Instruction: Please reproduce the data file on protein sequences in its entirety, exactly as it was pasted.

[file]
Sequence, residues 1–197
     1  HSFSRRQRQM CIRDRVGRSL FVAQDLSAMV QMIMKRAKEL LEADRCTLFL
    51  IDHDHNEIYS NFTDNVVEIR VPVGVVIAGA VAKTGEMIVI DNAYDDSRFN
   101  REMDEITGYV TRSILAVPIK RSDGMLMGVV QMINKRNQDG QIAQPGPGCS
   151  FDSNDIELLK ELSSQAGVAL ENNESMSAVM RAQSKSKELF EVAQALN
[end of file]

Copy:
Sequence, residues 1–197
     1  HSFSRRQRQM CIRDRVGRSL FVAQDLSAMV QMIMKRAKEL LEADRCTLFL
    51  IDHDHNEIYS NFTDNVVEIR VPVGVVIAGA VAKTGEMIVI DNAYDDSRFN
   101  REMDEITGYV TRSILAVPIK RSDGMLMGVV QMINKRNQDG QIAQPGPGCS
   151  FDSNDIELLK ELSSQAGVAL ENNESMSAVM RAQSKSKELF EVAQALN